State of Emergency
Hagrid was just about to rescue Harry Potter from his horrid aunt and uncle when the picture melted into digital squares, then disappeared into darkness with a pop. Before the audience could boo, a surprisingly sedate computer-generated voice announced, "An emergency has been reported. Please walk out of the nearest exit." Two white lights began strobing next to the dead screen as the message repeated itself over and over.
I think everyone in that theater on Thanksgiving night was thinking the same thing. It could be terrorists. After all, what better time and place to hit? There would be both tactical and symbolic advantages: we were in a huge multi-plex packed with a crowd, and we were celebrating a uniquely American holiday.
But the worst was yet to come. When my friends and I attempted to evacuate, the theater employees repeatedly urged our pal in a wheelchair to "take the stairs." After we'd told about 10 different people that she was in a 400-pound automated wheelchair and couldn't possibly do that, someone finally sent her and two of my friends "to wait" on a balcony that had no exit. Meanwhile, some of us had gone down the stairs and were standing in a crowd outside, waiting for them, wondering if they were safe.
It was eerie and terrible, watching the weirdly quiet holiday mobs as they mingled around the possibly-about-to-blow-up megaplex. Fire trucks arrived, and finally, without warning or announcement, the crowd began to move back inside. False alarm. The movie played on. Had it been a fire or a bomb, two of my friends and my lover might have died on that balcony because nobody at the theater knew how to evacuate people in wheelchairs.
My vacation day had been destroyed by corporate fuckup and government fuckup. I was left with a sense of grotesque, muted phobia that I haven't been able to shake.
Something about that calm, synthetic, repetitious voice at the theater -- "An emergency has been reported" -- stuck in my mind. It reminded me of the inhumanly low-key way Ashcroft has been peeling away our civil liberties in the days since USA PATRIOT passed. First he allowed the feds to wiretap attorney-client conversations; now he and George are setting up secret military tribunals for immigrants.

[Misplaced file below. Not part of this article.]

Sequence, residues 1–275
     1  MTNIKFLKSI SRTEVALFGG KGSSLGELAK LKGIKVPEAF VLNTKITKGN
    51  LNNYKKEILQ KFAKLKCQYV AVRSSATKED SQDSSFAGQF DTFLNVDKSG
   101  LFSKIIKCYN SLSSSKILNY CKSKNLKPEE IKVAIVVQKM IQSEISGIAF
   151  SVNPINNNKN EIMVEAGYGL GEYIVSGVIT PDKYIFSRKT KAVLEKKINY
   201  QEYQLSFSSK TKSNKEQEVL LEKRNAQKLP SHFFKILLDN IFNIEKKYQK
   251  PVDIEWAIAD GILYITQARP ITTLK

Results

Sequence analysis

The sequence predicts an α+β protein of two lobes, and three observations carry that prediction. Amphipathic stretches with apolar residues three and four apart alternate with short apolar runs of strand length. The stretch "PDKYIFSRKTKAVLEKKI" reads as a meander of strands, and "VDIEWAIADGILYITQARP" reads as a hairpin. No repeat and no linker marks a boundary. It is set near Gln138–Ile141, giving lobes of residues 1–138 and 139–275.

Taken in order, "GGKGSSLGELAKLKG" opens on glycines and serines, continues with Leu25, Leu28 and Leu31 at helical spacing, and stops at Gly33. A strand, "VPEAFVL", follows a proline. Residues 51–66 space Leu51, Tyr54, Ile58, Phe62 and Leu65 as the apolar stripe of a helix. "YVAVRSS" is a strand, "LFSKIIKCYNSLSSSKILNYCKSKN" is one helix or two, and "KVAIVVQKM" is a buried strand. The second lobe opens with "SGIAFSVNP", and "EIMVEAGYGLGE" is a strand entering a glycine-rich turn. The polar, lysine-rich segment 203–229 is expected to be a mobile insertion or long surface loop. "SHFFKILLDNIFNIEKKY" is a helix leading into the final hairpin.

Worse is the truth behind what we mean when we say "America is open for business." Consider the surrealistic report on Yahoo! about how several American tech companies are in a quiet bidding war to supply the Saudi Arabian government with the tools to block Web sites deemed inappropriate for Saudi citizens. Currently the Saudis get their Net censorship tools from Secure Computing, a San Jose company. Meanwhile, the U.S. government has ordered the shutdown of Somalia's only Internet company -- aptly named Somalia Internet Company -- because George believes they have ties to the al-Qaeda network. This means Internet blackout for Somalia, where people are already starved for information.
Need I point out the insanity of this? U.S. companies rush to supply censorware to the government of Saudi Arabia -- bin Laden's home country -- while they cut the Somalian government's only digital connection to the outside world. If only the Somalian government were rich enough to spark a bidding war among Internet companies, I'm sure they'd have Earthlink and AOL offering them groovy deals.
On top of everything else, Safeweb (a free, private Web-browsing service) shut its doors last week. Sure, they were funded partly by the CIA, and they offered no defense against Carnivore, but their service did allow people to surf the Web without worrying that someone looking at their browser cache could tell where they'd been. This was particularly useful for people working at giant corporations that forbid you to do "personal browsing" at work. If any corporate drones tried to peek at where you'd gone on the Web, all they'd find out was that you'd visited someplace called Safeweb. But that's gone now. No more safety on the Web for you.
When I returned home after my FUBARish evacuation from the theater, ugly thoughts of ambient terror whirling in my mind, I found that someone had left a corporate token on my doorstep. A CD-ROM with 45 days of free AOL service! Who says America ain't a free country?
Annalee Newitz (email@example.com) is a surly media nerd who misses Siu Gwai (R.I.P.), a sweet, funny, beautiful kitty who used to chase the laser pointer in circles until she fell over. Her column also appears in Metro, Silicon Valley's weekly newspaper.